• the fact that the residence was not freely chosen;
  • the fact that the residence was precarious."

Unfortunately for Mr Coller, it was of importance to theTribunal that his father had no wish to return to the place of hisbirth and his domicile of origin; indeed the judge believed it wasclear that he intended to abandon his domicile of origin. Althoughit was acknowledged that, whilst it is not possible, legally, toabandon a domicile of origin without having acquired an alternativedomicile of choice, in practical, nonlegal terms, the Tribunalfound that this is what the appellant's father did.

The commentary in Dicey goes on to provide:

"A person who leaves a country as a political refugee...hasa special motive for leaving it, but they may have no specialmotive for entering any other particular country, nor is residencein another country in any sense enforced. The question which causesmore difficulty in cases of this kind is whether the fugitiveintends to abandon a domicile in the first country: if they do, theacquisition of a new domicile in the second country will readily beassumed.... If a political refugee intends to return to the countryfrom which they fled as soon as the political situation changes,they retain a domicile there unless the desired political change isso improbable that the intention is discounted and treated asmerely an exile's longing for the native land; but if theintention is not to return to that country even when the politicalsituation has changed, a domicile of choice can be acquired in thecountry of refuge. 7"

The judgement

Less than half way through the judgement, the Tribunal concluded"To our mind it is clear that John [Mr Coller's father]had intended to abandon his domicile of origin in Austria. Heachieved this by acquiring a domicile of choice in England. Hispurported intention to retire to France was of the "vaguevariety" 8 He had become deeply settled in Englandwith which he had a singular and distinctive relationship, by thedate of Jeremy's birth in 1958, and certainly by the date ofhis own death in 1968. HMRC's evidence that this is the case isclear and compelling. It is our view, and we find as a fact, by wayof an inference based on the primary facts, that by both dates Johnhad made up his mind consistent with his permanent home and way oflife in England, to live in England permanently and indefinitely.He had, therefore, an English domicile of choice by the date ofJeremy's birth in 1958 and by the date of his own death in1968".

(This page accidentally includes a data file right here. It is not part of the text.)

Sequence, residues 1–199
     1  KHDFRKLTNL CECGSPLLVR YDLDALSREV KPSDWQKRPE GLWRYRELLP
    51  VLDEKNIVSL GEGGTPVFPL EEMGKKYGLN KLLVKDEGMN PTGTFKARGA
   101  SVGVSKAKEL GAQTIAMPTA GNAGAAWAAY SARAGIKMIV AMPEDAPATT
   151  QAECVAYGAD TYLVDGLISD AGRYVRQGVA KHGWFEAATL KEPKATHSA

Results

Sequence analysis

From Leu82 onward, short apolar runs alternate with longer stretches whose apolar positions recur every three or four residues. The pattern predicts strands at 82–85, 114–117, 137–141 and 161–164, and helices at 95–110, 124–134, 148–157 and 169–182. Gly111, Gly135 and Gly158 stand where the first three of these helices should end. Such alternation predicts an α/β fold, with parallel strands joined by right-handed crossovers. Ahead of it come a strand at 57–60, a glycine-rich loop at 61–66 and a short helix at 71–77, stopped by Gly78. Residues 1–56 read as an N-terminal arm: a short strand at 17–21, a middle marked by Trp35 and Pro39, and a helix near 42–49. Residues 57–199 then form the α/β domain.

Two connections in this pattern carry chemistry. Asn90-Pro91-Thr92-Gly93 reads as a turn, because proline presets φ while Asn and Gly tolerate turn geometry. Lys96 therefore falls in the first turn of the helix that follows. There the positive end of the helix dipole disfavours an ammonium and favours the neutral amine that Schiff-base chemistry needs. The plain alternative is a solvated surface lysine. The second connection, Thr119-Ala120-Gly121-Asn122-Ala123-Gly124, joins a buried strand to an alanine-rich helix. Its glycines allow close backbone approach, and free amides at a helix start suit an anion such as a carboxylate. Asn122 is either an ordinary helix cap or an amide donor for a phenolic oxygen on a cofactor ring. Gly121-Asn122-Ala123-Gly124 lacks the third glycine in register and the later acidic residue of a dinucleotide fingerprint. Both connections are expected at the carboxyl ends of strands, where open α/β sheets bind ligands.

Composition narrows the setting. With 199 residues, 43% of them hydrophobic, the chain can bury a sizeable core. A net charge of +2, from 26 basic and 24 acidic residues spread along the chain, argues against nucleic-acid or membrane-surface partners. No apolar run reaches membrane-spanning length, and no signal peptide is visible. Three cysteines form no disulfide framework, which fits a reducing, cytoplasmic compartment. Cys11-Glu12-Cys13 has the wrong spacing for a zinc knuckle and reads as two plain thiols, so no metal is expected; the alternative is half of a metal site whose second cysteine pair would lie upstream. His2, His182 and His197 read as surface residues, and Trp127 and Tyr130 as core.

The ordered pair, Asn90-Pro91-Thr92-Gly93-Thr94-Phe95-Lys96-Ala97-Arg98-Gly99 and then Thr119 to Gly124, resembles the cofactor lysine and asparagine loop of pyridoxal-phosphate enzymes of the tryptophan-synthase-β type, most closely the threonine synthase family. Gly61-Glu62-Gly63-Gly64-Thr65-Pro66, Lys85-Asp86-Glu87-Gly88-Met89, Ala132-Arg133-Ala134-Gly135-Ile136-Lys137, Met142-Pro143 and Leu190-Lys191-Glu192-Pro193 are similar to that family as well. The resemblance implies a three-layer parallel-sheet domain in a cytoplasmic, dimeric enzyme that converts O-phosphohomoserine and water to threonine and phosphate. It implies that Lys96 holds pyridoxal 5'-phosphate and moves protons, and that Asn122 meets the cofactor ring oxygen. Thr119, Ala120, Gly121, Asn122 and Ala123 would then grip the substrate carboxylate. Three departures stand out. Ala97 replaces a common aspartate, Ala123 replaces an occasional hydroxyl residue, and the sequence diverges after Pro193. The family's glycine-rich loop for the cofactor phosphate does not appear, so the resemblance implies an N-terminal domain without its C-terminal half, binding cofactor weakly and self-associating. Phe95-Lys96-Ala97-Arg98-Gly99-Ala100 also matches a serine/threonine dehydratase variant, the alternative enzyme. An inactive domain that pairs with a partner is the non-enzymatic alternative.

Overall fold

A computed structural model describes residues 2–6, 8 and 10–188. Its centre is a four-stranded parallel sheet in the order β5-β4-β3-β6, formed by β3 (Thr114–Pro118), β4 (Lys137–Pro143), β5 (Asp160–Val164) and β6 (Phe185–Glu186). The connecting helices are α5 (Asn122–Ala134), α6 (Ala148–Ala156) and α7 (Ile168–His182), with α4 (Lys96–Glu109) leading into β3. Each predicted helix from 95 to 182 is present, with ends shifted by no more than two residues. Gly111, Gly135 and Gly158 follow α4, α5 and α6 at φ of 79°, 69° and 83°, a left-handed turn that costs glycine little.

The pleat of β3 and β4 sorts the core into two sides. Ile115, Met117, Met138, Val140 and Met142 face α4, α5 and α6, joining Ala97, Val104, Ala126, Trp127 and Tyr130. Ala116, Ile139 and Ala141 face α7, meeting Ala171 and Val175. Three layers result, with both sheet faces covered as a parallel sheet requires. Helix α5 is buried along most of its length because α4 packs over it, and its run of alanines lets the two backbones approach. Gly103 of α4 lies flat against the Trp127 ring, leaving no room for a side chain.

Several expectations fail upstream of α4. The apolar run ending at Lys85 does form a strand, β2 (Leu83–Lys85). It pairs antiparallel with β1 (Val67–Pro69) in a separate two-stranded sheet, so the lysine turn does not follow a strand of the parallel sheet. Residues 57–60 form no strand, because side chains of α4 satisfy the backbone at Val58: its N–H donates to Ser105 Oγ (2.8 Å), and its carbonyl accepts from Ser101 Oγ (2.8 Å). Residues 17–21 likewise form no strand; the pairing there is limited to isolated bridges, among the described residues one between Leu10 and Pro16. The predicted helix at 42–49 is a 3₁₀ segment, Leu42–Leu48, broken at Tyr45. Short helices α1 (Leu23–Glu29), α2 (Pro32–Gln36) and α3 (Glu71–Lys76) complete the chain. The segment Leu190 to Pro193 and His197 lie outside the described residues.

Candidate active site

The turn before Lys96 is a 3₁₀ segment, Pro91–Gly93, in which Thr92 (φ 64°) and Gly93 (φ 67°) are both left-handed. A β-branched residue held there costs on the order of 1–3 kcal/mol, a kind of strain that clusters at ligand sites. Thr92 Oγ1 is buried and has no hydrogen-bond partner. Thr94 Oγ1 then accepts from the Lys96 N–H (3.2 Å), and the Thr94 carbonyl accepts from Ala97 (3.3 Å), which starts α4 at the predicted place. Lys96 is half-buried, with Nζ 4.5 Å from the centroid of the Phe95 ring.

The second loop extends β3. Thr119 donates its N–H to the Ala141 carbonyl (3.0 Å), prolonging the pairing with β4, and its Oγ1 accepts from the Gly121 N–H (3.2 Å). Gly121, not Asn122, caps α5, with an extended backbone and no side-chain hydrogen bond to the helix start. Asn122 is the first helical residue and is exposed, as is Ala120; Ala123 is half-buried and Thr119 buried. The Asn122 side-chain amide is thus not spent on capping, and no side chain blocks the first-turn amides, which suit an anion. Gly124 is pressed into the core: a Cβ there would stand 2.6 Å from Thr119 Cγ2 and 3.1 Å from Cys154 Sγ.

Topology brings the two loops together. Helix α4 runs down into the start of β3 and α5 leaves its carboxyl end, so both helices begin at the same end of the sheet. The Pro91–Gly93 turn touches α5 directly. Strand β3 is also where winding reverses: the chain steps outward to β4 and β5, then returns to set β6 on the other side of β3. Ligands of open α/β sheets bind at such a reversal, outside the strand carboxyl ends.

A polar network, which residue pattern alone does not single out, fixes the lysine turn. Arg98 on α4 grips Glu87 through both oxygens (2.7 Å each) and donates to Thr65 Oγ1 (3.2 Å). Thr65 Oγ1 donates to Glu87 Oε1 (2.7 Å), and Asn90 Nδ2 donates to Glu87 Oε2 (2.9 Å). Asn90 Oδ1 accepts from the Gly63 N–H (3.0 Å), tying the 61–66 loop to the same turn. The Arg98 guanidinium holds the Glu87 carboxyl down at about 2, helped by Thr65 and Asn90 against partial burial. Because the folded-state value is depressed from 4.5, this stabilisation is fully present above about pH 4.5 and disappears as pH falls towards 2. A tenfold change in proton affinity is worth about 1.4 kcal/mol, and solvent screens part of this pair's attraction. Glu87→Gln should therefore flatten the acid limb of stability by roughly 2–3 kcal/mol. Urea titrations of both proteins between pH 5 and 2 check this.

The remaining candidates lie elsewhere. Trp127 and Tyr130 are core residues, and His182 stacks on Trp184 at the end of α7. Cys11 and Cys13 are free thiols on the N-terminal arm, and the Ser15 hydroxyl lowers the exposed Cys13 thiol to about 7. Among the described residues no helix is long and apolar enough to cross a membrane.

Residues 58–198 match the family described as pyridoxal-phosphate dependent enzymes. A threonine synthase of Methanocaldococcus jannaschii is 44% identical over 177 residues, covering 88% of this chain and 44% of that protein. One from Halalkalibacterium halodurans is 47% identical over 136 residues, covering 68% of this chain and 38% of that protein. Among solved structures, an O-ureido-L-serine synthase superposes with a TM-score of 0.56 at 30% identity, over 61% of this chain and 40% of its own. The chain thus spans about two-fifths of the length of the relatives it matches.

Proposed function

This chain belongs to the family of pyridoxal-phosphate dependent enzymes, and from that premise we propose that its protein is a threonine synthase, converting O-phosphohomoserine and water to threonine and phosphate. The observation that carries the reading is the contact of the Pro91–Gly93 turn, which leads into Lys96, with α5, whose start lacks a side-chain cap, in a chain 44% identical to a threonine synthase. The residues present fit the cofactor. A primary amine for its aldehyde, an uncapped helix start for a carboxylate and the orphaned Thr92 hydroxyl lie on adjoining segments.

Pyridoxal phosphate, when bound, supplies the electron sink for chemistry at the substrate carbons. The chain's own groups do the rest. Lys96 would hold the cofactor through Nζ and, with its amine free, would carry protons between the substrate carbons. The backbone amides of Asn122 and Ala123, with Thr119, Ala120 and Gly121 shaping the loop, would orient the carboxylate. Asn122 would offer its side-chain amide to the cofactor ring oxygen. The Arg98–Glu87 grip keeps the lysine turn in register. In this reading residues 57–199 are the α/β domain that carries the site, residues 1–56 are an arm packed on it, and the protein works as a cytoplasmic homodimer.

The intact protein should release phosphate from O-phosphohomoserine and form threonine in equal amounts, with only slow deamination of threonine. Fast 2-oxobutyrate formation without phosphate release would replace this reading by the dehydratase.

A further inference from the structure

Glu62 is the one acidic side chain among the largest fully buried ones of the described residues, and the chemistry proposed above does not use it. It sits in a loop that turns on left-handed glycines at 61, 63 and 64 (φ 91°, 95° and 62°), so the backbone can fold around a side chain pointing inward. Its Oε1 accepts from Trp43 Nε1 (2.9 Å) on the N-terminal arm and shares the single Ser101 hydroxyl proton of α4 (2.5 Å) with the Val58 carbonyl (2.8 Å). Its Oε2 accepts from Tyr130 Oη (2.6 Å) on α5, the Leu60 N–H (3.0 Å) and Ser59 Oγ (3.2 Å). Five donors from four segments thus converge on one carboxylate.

Aside from providing a comprehensive review of the relevant caselaw, the decision is helpful aide memoire both as to the standardand the burden of proof.

As to the standard of proof, the Tribunal cited the judgement ofScarman J in Re Fuld 9

"what is the standard of proof: is it to be proved beyondreasonable doubt or upon a balance of probabilities, or does thestandard vary according to whether one seeks to establishabandonment of a domicile of origin or merely a switch from onedomicile of choice to another? ... The formula of proof beyondreasonable doubt is not frequently used in probate cases, and I donot propose to give it currency. It is enough that the authoritiesemphasise that the conscience of the court ....must be satisfied bythe evidence. The weight to be attached to evidence, the inferencesto be drawn, the facts justifying the exclusion of doubt and theexpression of satisfaction, will vary according to the nature ofthe case. Two things are clear – first, that unless thejudicial conscience is satisfied by evidence of change, thedomicile of origin persists: and secondly, that the acquisition ofa domicile of choice is a serious matter not to be lightly inferredfrom slight indications or casual words".